Stakeholders and board members mapped out marketing strategies focusing on community outreach for California's new Health Benefit Exchange at a board meeting this week in Sacramento.
Board members realize new rules and opportunities coming into play in 2014 as part of national health reform may be confusing for many Californians and they hope to make the process as simple and straightforward as possible.
The exchange's staff is planning ways to use community-based grants to educate Californians on how and where to sign up for health care. The exchange is paying particular attention to communicating with populations it considers hard to reach, including rural and lower income Californians, according to Juli Baker, chief technology officer for the exchange.
Baker outlined staff plans to create a grant application system to give money to outreach groups, making them responsible for educating the public.
Robert Ross, a member of the board, suggested using volunteer based organizations, such as United Way out of a concern for how long it would take to process applications for grants. Ross and fellow board member Kim Belshé noted that community groups had "localized knowledge" to gain access to populations that would otherwise be unreachable. Enlisting not-for-profit organizations such as United Way would allow these groups to re-grant funds for education and outreach programs, board members said.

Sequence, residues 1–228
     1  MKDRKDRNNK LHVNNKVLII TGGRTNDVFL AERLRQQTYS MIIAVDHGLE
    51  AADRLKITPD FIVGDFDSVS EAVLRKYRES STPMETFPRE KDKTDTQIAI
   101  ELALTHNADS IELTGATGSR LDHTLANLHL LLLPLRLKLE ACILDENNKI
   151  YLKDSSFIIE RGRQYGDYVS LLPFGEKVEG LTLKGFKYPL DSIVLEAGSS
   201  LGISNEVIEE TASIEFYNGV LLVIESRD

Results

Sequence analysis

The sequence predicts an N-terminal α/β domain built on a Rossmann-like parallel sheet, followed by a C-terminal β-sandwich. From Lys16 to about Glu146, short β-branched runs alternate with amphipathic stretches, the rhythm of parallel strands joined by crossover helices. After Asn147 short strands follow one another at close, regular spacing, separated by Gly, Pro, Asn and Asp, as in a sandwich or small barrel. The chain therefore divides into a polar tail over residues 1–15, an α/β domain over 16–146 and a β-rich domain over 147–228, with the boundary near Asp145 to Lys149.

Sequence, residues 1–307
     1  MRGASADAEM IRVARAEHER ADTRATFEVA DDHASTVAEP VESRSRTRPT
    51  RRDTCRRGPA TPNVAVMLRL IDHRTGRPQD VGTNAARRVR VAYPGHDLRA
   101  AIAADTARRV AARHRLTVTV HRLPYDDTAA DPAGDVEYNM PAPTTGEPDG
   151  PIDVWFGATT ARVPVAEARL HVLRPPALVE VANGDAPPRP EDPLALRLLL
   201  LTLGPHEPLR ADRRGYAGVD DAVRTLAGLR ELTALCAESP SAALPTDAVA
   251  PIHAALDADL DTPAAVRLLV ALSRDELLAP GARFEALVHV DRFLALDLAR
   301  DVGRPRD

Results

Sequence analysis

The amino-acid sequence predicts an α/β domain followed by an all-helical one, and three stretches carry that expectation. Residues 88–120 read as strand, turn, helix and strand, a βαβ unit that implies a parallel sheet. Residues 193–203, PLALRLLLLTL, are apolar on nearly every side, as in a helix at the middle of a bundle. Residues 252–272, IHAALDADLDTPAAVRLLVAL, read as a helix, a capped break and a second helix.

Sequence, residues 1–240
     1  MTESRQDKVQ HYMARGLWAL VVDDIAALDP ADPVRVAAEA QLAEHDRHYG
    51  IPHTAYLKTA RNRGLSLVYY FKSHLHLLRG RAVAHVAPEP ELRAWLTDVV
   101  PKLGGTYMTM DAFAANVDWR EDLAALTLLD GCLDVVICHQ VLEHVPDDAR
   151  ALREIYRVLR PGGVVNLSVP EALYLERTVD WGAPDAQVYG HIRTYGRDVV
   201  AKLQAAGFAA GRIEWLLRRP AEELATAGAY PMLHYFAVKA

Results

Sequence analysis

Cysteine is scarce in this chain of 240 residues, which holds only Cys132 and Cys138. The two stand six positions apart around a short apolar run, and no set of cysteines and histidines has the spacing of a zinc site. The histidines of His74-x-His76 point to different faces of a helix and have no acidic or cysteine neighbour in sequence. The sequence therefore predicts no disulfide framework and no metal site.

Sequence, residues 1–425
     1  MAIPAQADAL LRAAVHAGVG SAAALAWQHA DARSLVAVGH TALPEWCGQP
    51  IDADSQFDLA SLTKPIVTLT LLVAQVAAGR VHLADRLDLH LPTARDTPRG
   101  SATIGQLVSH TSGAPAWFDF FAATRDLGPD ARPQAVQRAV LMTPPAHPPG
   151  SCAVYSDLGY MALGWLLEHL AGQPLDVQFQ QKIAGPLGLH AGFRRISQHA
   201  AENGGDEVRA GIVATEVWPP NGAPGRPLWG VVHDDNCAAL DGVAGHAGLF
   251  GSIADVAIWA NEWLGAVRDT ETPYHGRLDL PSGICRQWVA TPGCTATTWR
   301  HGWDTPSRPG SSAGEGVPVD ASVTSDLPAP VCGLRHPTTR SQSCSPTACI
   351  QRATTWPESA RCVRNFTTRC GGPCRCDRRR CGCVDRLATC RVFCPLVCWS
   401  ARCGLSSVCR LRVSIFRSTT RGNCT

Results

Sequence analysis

Stakeholders representing a variety of hard-to-reach groups weighed in on the board's marketing plans. Groups representing homeless and transient populations, young adults who will soon lose coverage under their parent's insurance, mixed immigration status families and lesbian, gay or transgender families generally saw a need for more grant money to make the education program successful and retain residents within the new insurance system.
Board members agreed, but noted that most grants will be one-time offerings, not a long-term funding stream.
"Even if we commit to a robust level (of funding) that does not necessarily guarantee it will continue," said Ross.
The board will continue to discuss grant funding for groups it considers to have the "greatest opportunity" to reach residents according to Baker's report. Funding comes in part from a federal grant for education and outreach under the Affordable Care Act.